Commodities Trading Technical Indicators
This article is an extension of Calculate MACD in Excel and technical indicators covered in an earlier post. The same trend indicators have been applied towards Commodities and Precious Metals here. The idea behind investing in precious metals is that it protects your portfolio against high inflation. Historically, people look to commodities like gold and silver during turbulent economic times. In the past decade, gold and silver have gained popularity and remained a significant part of many portfolios. Finance experts have weighed in heavily about this topic, and it has been kind of controversial.
The argument for Precious Metals is that they are tangible and retain their intrinsic value. Investing in gold and silver keeps your portfolio balanced. So when the value of the dollar drops due to high inflation, at least part of your portfolio will keep its value. Critics point out that a complete economic collapse is unlikely. The argument against Precious Metals is that, historically, collapsed economies revert to bartering and not Commodities.
Commodity and Precious Metal Prices
Let us dive into building a model in Excel which covers several technical trading indicators for Commodity and Precious Metals. When trading commodities, a trader will very likely use the same indicators on a chart to predict the future as with other asset class and instruments such as equities. On a broader view, charts that reflect long periods such as monthly, should be used to assess primary trends. Shorter periods (daily) are used to gauge the entry and exit point of a trade.
For analyzing Technical Indicators on commodity markets, the first requirement is to identify the trend. Once the trend has been identified, an analyst can apply some of the commonly used indicators – Moving Averages, MACD, Relative Strength Index (RSI) and Bollinger Bands.
The spreadsheet is very easy to use. The Web Service enabled spreadsheet downloads historic prices of the commodity of your choice based on the date ranges. But there’s more to it. The spreadsheet plots technical charts, fills in the raw and computed data for technical indicators such as 12 and 26 day EMA, Volatility, and MACD. All the magic happens in the background. Both the historical prices and computed columns can be found in the “Data” sheet.
The main plots and calculations behind these charts are:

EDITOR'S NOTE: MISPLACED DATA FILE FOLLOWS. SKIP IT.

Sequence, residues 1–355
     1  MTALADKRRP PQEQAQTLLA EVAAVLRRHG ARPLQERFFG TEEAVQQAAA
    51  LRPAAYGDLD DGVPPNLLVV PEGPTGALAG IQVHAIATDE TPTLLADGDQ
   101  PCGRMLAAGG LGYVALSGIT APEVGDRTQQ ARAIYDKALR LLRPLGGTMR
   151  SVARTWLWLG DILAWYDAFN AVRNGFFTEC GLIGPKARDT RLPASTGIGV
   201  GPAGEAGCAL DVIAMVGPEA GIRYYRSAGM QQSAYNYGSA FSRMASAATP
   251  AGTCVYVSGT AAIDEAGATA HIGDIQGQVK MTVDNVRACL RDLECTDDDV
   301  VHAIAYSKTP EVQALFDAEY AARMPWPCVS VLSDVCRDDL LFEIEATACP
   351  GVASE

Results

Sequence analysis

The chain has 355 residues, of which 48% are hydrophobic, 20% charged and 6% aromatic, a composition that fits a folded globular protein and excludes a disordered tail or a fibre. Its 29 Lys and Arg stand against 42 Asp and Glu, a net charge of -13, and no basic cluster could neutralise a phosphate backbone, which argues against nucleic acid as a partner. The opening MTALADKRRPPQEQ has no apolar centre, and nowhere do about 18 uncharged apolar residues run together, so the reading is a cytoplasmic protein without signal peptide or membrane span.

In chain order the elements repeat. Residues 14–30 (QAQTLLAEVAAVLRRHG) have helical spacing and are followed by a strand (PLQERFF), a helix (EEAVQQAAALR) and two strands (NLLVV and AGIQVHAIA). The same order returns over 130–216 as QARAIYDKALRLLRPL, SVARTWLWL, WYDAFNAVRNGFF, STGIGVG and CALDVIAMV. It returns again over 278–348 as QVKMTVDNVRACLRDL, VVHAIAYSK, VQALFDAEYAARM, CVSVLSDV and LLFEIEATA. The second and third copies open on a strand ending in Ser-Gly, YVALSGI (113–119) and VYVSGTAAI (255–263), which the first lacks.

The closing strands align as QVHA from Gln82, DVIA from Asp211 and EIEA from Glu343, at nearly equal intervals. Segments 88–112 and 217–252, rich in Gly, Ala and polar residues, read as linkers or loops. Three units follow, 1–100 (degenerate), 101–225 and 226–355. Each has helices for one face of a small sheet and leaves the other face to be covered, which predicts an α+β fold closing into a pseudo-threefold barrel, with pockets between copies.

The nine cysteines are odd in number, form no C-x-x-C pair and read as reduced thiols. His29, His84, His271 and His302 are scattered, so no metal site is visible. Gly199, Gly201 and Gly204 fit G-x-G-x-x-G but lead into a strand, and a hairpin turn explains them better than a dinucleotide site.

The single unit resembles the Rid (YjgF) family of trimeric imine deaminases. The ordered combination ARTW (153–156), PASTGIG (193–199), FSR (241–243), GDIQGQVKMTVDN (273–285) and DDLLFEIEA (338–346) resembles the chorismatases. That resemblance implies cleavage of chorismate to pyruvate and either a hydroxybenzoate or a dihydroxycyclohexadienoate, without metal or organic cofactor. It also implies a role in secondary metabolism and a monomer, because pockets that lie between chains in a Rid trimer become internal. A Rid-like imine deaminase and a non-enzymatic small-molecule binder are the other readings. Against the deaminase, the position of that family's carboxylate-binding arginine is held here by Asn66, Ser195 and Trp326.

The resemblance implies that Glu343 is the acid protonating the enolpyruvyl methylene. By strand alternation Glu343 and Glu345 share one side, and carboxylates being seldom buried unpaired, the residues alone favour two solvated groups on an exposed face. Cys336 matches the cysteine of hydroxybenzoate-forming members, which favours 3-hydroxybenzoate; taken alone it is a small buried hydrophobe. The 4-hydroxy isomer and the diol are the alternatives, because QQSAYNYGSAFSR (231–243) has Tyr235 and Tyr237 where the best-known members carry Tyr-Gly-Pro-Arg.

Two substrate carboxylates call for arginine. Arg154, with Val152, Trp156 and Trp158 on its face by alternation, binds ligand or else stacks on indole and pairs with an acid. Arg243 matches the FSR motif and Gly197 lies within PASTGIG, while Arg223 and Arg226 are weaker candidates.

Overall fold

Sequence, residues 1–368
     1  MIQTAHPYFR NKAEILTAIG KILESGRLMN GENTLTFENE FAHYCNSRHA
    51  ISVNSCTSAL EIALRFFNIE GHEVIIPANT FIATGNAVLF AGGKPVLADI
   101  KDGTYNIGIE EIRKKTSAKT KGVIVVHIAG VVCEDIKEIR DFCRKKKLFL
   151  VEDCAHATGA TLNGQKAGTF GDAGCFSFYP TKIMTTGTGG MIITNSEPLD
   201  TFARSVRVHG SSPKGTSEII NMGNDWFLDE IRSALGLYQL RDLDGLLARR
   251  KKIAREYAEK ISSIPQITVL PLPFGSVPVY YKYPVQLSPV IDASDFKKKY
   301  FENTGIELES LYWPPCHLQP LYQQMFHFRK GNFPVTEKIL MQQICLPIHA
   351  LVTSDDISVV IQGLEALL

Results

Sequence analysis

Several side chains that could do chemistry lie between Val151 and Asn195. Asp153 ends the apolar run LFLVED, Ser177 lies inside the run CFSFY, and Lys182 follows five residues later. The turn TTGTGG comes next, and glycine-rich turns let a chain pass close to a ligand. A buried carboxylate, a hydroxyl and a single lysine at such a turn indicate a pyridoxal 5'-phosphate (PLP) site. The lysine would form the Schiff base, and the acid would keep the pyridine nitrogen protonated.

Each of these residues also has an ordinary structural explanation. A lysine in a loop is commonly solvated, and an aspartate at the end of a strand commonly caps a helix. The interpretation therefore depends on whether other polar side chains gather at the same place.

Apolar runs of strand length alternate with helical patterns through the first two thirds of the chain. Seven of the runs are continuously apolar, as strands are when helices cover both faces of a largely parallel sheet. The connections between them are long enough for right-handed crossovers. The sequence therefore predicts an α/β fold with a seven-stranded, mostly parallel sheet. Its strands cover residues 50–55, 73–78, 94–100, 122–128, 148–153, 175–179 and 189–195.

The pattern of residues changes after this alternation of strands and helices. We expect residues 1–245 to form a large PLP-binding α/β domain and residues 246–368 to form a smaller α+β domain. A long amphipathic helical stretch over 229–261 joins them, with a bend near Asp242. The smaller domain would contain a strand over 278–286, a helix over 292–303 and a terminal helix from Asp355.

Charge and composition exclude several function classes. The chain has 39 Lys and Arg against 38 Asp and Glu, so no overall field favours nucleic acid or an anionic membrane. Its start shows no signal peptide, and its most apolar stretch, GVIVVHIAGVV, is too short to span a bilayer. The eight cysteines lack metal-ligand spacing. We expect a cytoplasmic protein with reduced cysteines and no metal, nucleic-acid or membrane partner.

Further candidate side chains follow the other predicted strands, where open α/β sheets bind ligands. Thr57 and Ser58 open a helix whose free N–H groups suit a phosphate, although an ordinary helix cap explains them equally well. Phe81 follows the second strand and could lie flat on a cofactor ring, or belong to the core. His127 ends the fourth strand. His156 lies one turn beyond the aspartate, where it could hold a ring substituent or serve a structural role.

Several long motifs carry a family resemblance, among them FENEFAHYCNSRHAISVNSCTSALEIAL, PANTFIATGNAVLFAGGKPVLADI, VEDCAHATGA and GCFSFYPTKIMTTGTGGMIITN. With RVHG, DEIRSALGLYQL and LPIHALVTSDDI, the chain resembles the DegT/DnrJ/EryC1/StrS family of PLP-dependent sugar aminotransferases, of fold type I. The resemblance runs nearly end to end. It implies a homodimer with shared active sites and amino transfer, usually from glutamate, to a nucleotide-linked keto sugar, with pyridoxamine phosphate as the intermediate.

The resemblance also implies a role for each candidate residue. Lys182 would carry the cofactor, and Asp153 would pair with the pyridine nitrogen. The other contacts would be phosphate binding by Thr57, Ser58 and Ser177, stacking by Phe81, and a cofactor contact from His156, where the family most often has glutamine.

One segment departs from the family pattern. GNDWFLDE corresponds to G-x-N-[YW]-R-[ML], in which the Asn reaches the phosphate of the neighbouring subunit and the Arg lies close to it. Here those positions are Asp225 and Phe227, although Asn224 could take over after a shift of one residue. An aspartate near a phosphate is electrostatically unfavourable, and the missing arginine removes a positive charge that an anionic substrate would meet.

MACD Curve = 12 day EMA - 26 day EMA
Signal Curve = 9 day EMA OF MACD curve
MACD Histogram = MACD curve - Signal Curve
Signal Line Crossover
Signal Line crossover, a commonly used MACD signal is a 9-day estimated moving average of the MACD line. The signal line trails the MACD line and helps spot MACD turns. A bullish crossover happens when the MACD line goes up and stays above the signal line. A bearish crossover occurs when the MACD turns down and crosses below the signal line.
In the chart below, a sharp and a prolonged upturn is represented with a green arrow. A sharp and a prolonged downturn is shown with a red arrow. For brief period of slight up and down crossovers, grey arrows have been used for depiction. Signal line crossovers both at positive and negative extremities should be approached with caution. It takes a strong move in the commodity to push momentum to an extreme. Few examples of strong moves that come to mind are – rampant inflation, geo-political issues, major wars, extreme bullish or bearish equity markets etc.
The above two charts shows Gold spot prices with its 12-day EMA in blue, 26-day EMA in red, and MACD line in blue. There were 16 signal line crossovers in last one year; 8 ups and 8 downs. The Gold had a continuing declining trend from June-2014 till beginning of Dec-2014; indicating a prolonged bearish trend. The MACD indicator is important because it brings momentum and trend in one indicator. The unique combination of trend and momentum can be applied to weekly, monthly or yearly charts. See for yourself by downloading this free spreadsheet.